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A vehicle leaves High Level, Alta., on May 21, 2019. Roughly 5,000 residents from High Level and the surrounding area were forced to leave by an evacuation order issued this past Sunday.Stefanie Brown/The Canadian Press

Alberta has had roughly the same number of wildfires so far this year compared with its five-year average, but they have chewed through far more territory than usual as hot, dry weather increases the risk for much of the province.

This year’s fires have spared Alberta the chaos and destruction of the Fort McMurray blaze in 2016, but one wildfire is nipping at a number of northern communities. That wildfire, known as the Chuckegg Creek fire, is about three kilometres out of High Level, whose residents were among about 5,000 people forced to flee over the weekend. The fire is also threatening swaths of the neighbouring Dene Tha’ First Nation.

There have been 453 wildfires in Alberta in 2019, just below the five-year average of 459. However, this year’s fires have burned down about 134,730 hectares, about 24 per cent more than the five-year average of roughly 108,800 hectares, according to data the Alberta government released Wednesday. Alberta’s lightning fire season is just starting, which puts the province at risk of many more fires if it does not rain soon.

On top of this year’s dry spring, Alberta’s forests have been hit with high temperatures and low relative humidity over the past few weeks.

“Under those extreme burning conditions, any fire that does get going is extremely difficult to control,” Scott Elliot, incident commander for Alberta Wildfire, said at a news conference Wednesday. “Fires have become more complicated in that there’s a lot of pressures on the landscape and there’s a lot of land use in Alberta.”

And that means increased risk of economic pain. The Fort McMurray fire, for example, lowered real GDP by 0.4 per cent in the second quarter of 2016, according to Statistics Canada. That fire, known as “the Beast," shut down a number of major oil sands projects for days and forced roughly 88,000 people to evacuate Fort McMurray for about a month.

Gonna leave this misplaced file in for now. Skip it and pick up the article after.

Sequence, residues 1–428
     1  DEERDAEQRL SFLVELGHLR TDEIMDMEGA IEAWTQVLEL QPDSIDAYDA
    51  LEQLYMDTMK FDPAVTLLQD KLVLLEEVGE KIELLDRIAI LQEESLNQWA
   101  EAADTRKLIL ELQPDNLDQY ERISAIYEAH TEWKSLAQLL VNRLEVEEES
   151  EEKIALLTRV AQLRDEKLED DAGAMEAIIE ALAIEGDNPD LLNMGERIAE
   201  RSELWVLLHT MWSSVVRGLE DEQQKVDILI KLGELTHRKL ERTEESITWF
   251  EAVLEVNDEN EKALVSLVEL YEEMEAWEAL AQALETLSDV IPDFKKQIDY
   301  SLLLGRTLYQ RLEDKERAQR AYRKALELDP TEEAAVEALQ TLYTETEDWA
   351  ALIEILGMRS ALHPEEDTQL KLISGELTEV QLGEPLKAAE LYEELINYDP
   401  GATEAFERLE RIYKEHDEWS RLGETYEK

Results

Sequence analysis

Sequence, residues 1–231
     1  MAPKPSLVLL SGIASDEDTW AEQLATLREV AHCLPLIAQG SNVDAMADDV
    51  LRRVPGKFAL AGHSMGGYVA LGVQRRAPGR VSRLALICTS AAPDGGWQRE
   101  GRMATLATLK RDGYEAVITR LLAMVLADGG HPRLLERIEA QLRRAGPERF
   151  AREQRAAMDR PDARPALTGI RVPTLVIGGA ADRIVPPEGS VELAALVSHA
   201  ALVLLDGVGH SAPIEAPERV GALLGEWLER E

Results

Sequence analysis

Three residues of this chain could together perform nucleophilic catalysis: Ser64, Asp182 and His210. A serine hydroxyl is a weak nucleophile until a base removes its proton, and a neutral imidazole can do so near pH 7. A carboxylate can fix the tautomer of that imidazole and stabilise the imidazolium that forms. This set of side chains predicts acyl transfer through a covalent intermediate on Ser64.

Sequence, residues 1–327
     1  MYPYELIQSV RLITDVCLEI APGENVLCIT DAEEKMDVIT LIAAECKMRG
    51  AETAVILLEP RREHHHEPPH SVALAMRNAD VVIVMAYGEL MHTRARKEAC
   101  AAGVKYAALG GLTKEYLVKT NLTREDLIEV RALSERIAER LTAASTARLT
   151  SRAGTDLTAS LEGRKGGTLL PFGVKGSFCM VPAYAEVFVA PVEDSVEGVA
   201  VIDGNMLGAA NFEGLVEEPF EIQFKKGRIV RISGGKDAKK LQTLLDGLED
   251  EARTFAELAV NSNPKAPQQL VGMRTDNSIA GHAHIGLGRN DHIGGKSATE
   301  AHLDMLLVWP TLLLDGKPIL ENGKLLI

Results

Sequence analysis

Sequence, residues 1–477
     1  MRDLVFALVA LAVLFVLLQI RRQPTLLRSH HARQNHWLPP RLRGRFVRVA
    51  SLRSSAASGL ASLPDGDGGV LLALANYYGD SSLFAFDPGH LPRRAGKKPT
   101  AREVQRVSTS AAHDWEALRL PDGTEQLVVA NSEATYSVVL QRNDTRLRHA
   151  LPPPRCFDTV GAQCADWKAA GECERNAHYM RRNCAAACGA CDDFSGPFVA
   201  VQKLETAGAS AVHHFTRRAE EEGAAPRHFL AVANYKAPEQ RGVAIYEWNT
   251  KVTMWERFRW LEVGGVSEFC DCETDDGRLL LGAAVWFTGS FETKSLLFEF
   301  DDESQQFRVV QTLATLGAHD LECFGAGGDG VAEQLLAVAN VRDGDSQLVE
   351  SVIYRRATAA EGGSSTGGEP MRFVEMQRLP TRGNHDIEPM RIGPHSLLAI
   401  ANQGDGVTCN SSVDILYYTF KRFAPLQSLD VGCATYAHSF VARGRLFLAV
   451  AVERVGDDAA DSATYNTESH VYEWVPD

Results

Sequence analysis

The fire near High Level, which is 740 kilometres north of Edmonton, has not damaged any buildings in town or in the Dene Tha’ First Nation’s communities. Two major industrial players in High Level have been forced to shutter operations and firefighters are working to protect their infrastructure. Tolko Industries Ltd. on Wednesday said it suspended operations at its lumber mill, and Norbord Inc. on Tuesday said it halted production at its oriented strand board mill.

Roughly 5,000 residents from High Level and the surrounding area were forced to leave by an evacuation order issued this past Sunday. The evacuation also includes Bushe River, Meander River and Chateh, which are the Dene Tha’ First Nation communities.

Wind is blowing the Chuckegg Creek fire away from High Level, but its mayor begged residents to stay out of the town.

“The danger has not passed, nor has it diminished,” Crystal McAteer said Wednesday. “Prepare to be out of your homes longer than you had previously anticipated.”

Officials declined to estimate when residents would be allowed to return home. The fire has mowed down roughly 92,000 hectares of forest, according to the province.

ATCO Electric temporarily restored power to High Level, Dene Tha’ First Nation, Mackenzie Country, La Crete, Fort Vermilion and other communities Tuesday evening. Residents, however, should prepare for intermittent service, ATCO spokeswoman Catherine Clynch said in a statement.

ATCO’s system “suffered severe damage” to 68 structures that are part of two transmission lines. The company has made temporary repairs to 16 structures, Ms. Clynch said, and that has allowed it to restore power to one of two lines. Twelve structures have been repaired, she said.

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